By Shane Cummings
In our digital world, business is increasingly conducted via email and electronic messaging thanks to its speed and simplicity. This article sheds light on what cyber crooks are looking for, how they attempt to get it—and three practices you can implement to better protect your business.
Everyone who conducts business via email on your company’s system should exercise extreme care when sending and receiving emails.
To ensure your employees know the best policies, why not implement a training program to help them identify and report spam and phishing emails? Services such as PhishMe and KnowBe4 offer targeted training for firms. Even with extremely effective technology controls in place, your employees are ultimately the last line of defense.
Two key rules of thumb for all users of your system:
Never send confidential, sensitive, or personal information through regular email—and quickly delete all sensitive and suspicious emails from your inbox. You might be surprised at how easily hackers can reach into your company’s mailboxes and read emails. If you receive something sensitive via email, get what you need out of your inbox and delete the entire message—then delete that from your deleted folder. If you’ve ever sent an account number or social security number, it may still be there. Crooks know to look in there too.
Depending upon the type of email server your business uses, you may be able to set firm-wide retention policies for user inboxes to automatically delete emails after a specified period of time, such as 180 days.
Always be suspicious of spam. It’s still one of the most effective ways crooks take advantage of people. Don’t just click on links or open attachments because someone you know sent them.
Phishing is the activity of retrieving information by posing as a legitimate person or company. Spoofing is considered more of a method of delivery of malicious software, otherwise known as malware. Both occur when the sender of an email isn’t who they appear to be. This can be done in a few different ways. In one, an acquaintance’s contact list could have been stolen. Using this, the hacker can send emails that appear to be from that person you know. How similar do the emails firstname.lastname@example.org and email@example.com appear? One is spelled “LIN” and the other “LLN”—and in lowercase they’re nearly indistinguishable.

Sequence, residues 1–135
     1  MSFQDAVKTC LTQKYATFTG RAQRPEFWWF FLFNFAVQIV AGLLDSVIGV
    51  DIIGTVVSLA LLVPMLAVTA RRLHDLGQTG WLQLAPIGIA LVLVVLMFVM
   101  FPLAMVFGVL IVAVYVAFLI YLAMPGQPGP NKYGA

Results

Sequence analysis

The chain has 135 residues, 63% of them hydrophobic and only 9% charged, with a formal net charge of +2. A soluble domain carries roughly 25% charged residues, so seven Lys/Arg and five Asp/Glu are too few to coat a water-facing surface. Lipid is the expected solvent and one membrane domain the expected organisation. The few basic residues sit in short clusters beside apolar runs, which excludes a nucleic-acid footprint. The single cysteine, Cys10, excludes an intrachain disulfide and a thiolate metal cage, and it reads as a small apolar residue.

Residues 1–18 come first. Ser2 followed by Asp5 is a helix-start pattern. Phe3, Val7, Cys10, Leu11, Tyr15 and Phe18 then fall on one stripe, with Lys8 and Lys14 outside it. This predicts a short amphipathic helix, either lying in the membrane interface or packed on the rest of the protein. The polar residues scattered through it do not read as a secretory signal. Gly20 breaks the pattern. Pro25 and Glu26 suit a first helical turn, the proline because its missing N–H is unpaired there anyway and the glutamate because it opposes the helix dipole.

Here’s another example. You may receive an email from what appears to be your bank. The hacker may have stolen the logo and otherwise replicated what a real email from that bank looks like. The email will ask you to follow some instructions to verify your information and provide a link for you to click on—or it may ask you to type in your username and password to “authenticate” your account. Once you do, now they have it, too.
To sum up, vigilance is the byword.
Spyware is software that acts like a mole, gathering information from an unsuspecting user’s computer and transmitting that back to another entity.
The most effective method to protect your business from spyware is to block the ability of your employees to install software on your company’s computers. This simple change can go a long way in tightening your firm’s defenses. Most employees are not experts on what software tools are legitimate or could compromise your business’s security. That’s why the best approach is to rely on a dedicated administrator or team to manage your software inventory.
Better yet, a centralized software inventory system will help your network administrator run routine scans for any malicious software that may find a way through your defenses. It’s also important to make sure you are using a modern Internet browser. Google’s Chrome, Mozilla’s Firefox, and the latest iteration of Microsoft’s Internet Explorer (11) and Edge (for Windows 10 machines) have elements that can make your company’s online experience more secure.
Your business should have antivirus solutions for all work computers, along with the ability to centrally monitor all machines in your network. For smaller companies on a budget, there are still plenty of other antivirus solutions available. Avast, Lavasoft’s Ad-Aware, AVG, and even Microsoft’s built-in Windows Defender (if you’re using PCs) are all good—and free—options.
Every business should have a cybersecurity incident response plan in place. The point is to have a blueprint for how to respond quickly in the event of a breach or attack. The National Institute of Standards and Technology (NIST) is a great resource for building a custom plan for your business. This includes establishing an incident response team and documenting team membership, as well as documenting all the steps your business needs to take if a breach is detected.
Implicit in your response plan is the requirement that your business has the capabilities to detect both attacks and breaches. Once you’re alerted to a hack, these elements should be part of your plan’s protocols:
Due to the increasingly complex nature and frequency of cyber incidents, your business would be well served to designate professionals to craft an incident response plan unique to your firm. If an incident does occur, a thoughtfully crafted plan can dramatically improve response times and ensure actions are prioritized effectively and communicated well. Even if your business does not have a prominent presence on the web, it can still be vulnerable to cyber crime.
We all know how sophisticated and single-minded hackers can be. Your best strategy to protect your business and your customers from data breaches and fraud is a well-educated workforce, constant vigilance—and continuously keeping pace with state-of-the-art security defens